A couple weeks ago, Erica wrote this: Sensual Orthodoxy, Debbie Blue: I’m over halfway through this book of sermons and I’m thinking about rationing it because I love it so much. My colleague Bart calls her “the Sarah Vowell of preaching”. This woman can take a Bible passage and pick it apart and then put it back together again. She can own up to all the weirdness and oddity of the Bible and still love it to pieces. She can find something lovely that others might discard, blow off the dust, and make it relevant. Wow. I can only hope I preach like this once in a while.
I trust Erica's taste, and since I had a bit of professional expense cash to spend, I tossed this in my shopping cart at Amazon. It arrived lickety-split, and like Erica, I can't even wait until I'm all finished to gush about how much I love this book. In some ways the sermons me of Barbara Brown Taylor's - the lyrical storytelling, incarnational language, and the way they illuminate the gospel and make it new. But they are also unlike anything I've ever read; there's an originality that is so hard to come by, given that hundreds of thousands of preachers have mined these texts before.
I haven't yet listened to the mp3 recordings on the House of Mercy website to hear how Debbie Blue preaches. Obviously, that's half the sermon; it's a live event, a spoken word in the context of worship. But I'm such a lover of the sermon as it sits on the page, the sermon as it impersonates literature. As a writer and a reader, I believe in the power of ink and paper, and as a preacher, I believe in the craft of the manuscript.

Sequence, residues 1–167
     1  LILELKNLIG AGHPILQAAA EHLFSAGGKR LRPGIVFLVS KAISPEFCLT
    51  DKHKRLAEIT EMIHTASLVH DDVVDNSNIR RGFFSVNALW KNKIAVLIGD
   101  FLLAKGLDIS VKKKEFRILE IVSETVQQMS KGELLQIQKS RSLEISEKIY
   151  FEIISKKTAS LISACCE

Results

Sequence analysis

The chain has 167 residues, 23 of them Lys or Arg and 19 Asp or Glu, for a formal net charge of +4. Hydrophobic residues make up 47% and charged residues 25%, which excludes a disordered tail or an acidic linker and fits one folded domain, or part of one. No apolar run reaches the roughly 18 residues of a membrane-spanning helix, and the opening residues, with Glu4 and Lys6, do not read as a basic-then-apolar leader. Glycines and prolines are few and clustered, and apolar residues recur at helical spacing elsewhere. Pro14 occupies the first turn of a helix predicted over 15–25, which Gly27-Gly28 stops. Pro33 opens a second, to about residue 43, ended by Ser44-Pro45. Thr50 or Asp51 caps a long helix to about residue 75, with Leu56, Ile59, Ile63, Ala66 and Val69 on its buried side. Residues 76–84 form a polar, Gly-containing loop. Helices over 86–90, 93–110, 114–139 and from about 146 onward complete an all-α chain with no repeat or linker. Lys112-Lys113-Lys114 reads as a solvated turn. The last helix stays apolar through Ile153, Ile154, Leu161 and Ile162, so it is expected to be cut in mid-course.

For as long as I can remember, I've wanted to be a writer. At age fifteen, I first contemplated becoming a minister because it dawned on me that I would get to write a sermon every week. And now I realize that up to that point the only sermon I'd ever read was Sinners in the Hands of an Angry God; not exactly my homiletical model of choice. I think what I hoped for, without knowing it, that something like this was out there. That preaching could be, in addition to whatever else it is, an art form.
I echo Erica: I can only hope I preach like this once in a while.